“We started with living musicians,” says Klabin,  a veteran producer and engineer, “and it didn’t make the impact that it makes even now.”

Wayne Shorter likes to tell a story about going to see Charlie Parker, the mercurial titan of bebop, sometime around 1951. Shorter was 18 at the time — a saxophonist, like Parker, and a bop obsessive already gigging around his hometown of Newark, N.J. He headed across the river into Manhattan, where Parker, colloquially known as Bird, was headlining at Birdland, the club named in Parker's honor.

Nels Cline has earned his place as a guitar hero for our times, with a track record stretching back four decades and a marquee gig with Wilco. But if you mainly associate him with squalls of feedback, you're missing a big part of the picture. "The Avant Romantic" is how Rolling Stone pegged him about a decade ago, in its list of Top 20 New Guitar Gods.

Note: NPR's First Listen audio comes down after the album is released. However, you can still listen with the Spotify playlist at the bottom of the page.

Francis Wolff / Blue Note Records

Labor Day weekend is a time to honor our workers, and the spirit of industry they embody. Of course it also carries other connotations: backyard barbecues, furniture sales and family road trips, for starters.

When thinking about a Labor Day edition of Take Five, I decided to bypass the standard fare — like Cannonball Adderley's “Work Song,” which refers to a different set of circumstances than the one that this holiday commemorates. I looked instead to important jazz artists who were born this week in history, within several days of the holiday.

Chester Higgins

Randy Weston, a pianist and composer who devoted more than half a century to the exploration of jazz’s deep connection with Africa, died on Saturday at his home in Brooklyn. He was 92.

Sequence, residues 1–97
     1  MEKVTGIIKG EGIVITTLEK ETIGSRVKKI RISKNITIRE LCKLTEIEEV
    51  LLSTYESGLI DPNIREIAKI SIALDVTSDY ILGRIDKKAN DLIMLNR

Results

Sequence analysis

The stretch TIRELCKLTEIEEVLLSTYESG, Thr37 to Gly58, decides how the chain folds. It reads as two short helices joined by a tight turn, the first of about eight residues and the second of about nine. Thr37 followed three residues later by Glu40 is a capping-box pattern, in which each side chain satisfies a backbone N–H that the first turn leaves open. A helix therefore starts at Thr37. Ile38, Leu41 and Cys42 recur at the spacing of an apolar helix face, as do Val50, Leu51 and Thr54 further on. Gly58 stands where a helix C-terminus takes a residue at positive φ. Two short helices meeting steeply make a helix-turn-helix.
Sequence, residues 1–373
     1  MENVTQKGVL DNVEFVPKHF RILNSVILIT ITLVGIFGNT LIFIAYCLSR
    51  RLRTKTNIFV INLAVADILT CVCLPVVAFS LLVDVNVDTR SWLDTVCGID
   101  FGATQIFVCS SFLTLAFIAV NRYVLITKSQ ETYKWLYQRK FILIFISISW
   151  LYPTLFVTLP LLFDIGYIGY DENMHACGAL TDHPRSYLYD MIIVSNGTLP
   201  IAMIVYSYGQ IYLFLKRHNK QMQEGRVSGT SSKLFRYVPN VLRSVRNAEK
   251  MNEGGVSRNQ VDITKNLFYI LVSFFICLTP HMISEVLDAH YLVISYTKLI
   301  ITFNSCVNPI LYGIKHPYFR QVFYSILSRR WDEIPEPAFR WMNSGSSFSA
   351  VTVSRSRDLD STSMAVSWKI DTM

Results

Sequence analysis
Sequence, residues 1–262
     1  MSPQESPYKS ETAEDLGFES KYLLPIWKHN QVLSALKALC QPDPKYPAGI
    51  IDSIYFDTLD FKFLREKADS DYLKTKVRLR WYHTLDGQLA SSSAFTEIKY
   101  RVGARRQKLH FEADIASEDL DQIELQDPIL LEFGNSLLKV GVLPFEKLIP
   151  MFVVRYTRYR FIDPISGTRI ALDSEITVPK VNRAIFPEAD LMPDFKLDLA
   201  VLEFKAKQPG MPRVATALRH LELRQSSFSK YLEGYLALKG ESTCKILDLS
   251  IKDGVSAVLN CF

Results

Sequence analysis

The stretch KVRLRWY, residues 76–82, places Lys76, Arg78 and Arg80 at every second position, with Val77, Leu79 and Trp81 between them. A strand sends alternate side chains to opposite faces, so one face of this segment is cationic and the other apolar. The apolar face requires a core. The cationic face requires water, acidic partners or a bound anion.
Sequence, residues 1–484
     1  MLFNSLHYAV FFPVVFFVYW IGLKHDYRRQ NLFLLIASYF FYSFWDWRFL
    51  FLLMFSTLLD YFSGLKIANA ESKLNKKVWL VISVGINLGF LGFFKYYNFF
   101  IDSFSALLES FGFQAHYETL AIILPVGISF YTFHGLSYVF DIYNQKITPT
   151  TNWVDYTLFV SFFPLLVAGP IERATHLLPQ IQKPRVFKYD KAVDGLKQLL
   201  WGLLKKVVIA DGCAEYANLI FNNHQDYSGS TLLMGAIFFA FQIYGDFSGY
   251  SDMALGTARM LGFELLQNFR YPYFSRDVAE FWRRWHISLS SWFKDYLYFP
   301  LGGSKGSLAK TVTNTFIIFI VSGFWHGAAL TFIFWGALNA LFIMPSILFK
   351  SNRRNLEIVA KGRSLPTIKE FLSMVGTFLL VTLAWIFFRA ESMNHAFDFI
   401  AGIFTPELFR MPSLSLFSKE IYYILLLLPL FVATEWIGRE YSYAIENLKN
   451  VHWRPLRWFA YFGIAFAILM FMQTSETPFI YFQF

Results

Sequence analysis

His death was announced by his wife and business partner, Fatoumata Weston.

Courtesy of the artist

The Westerlies, a young brass quartet at the intersection of new music and progressive jazz, has teamed up with the equally broadminded vocalist Theo Bleckmann for a pointed new project, Songs of Refuge and Resistance.

More Than Keeping Time: A Melodic Drumming Demo

Aug 17, 2018

What would you say if I told you that drums can sing? The best jazz drummers have always understood this as fact. Allison Miller has even made it a core part of her artistic mission — as drummer, a composer and a bandleader, notably with her ensemble Boom Tic Boom.

Caroline Forbes / ECM

Tomasz Stanko, who died this week at 76, was more than an important Polish trumpeter and composer, though he was certainly both of those things.

Adam Kissick / NPR

From the beginning, America's oldest jazz fête strove for a breadth of style. George Wein, the festival's cofounder and patriarch, used to say he wanted to present the full sweep of the music, "from J to Z." That doesn't mean Jay-Z, though a tradition of crossover inclusion goes all the way back to Chuck Berry, 60 years ago.

Wayne Shorter was 15 when he first wrote and illustrated his own comic book, in blue ballpoint pen. That was in 1949, and Shorter has traveled great distances since, becoming an influential saxophonist, a 10-time Grammy winner and one of the most highly regarded composers in modern jazz.